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Maryland Drivers Receive the Most Parking Tickets in DC

Photograph via iStock.

There’s a long-held debate around Washington over which jurisdiction is home to the worst drivers. With jobs in DC split about evenly between the city and the suburbs, the District sees drivers from all over put to the test with its one-way streets, traffic circles, back-in-only spaces, and parallel parking. What insight can open data provide into the prowess of the region’s drivers? Newly released parking-ticket data sheds some light.

The District issued more than 1.5 million parking tickets in 2015, generating more than $73 million in fines. While DC residents received a little less than one-third of the tickets, they were not actually the top recipients. That honor goes to motorists from Maryland, who accrued more DC parking tickets than drivers from anywhere else in the country. Maryland drivers received 120,000 more DC parking tickets than DC residents, for a total of 554,265 parking tickets worth over $25 million in fines. The trend is consistent with previous years and, perhaps more importantly, regional lore.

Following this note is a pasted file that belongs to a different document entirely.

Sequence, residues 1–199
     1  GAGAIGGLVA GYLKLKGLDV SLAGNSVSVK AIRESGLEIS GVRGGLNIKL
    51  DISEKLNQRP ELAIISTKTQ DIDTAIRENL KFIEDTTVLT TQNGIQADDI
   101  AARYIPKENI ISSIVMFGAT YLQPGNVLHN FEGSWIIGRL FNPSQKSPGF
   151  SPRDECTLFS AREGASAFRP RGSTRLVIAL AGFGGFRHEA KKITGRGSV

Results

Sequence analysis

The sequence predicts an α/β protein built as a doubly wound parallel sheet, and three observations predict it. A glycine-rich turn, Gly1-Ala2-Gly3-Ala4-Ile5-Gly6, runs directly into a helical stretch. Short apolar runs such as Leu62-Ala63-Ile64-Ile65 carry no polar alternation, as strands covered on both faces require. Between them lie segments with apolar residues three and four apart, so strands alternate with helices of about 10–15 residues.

This does not necessary mean Maryland drivers are the worst drivers in the District. More Maryland drivers may drive through DC than actual DC residents. Data do not exist on all drivers that come through the District, but Maryland drivers in DC are most likely to live in the surrounding suburbs. Comparing parking tickets per number of residents in DC and the surrounding suburbs of Maryland and Virginia, DC moves up to the top by a considerable margin. In 2015 0.64 DC parking tickets were issued for every DC resident, compared to 0.28 and 0.22 per Maryland and Virginia resident, respectively.

But DC parking tickets are were also doled out to residents of all 50 states last year. Generally, the closer a state is to DC, the more tickets per vehicle it has received. Cars from between Iowa and California received the fewest parking tickets in DC. Despite the distance, West Coast states racked up more than 7,000 tickets last year. But it’s not a perfect correlation. Neither Alaska or Hawaii, surprisingly, were the state with the fewest parking tickets accumulated in the District. That distinction goes to Wyoming and its 152 infractions.

Technical notes: This piece was inspired by I Quant NY. Data are sourced from District of Columbia Open Data, the Metropolitan Police Department, and Census Population Estimates. You can find complete code for this post on my GitHub page.

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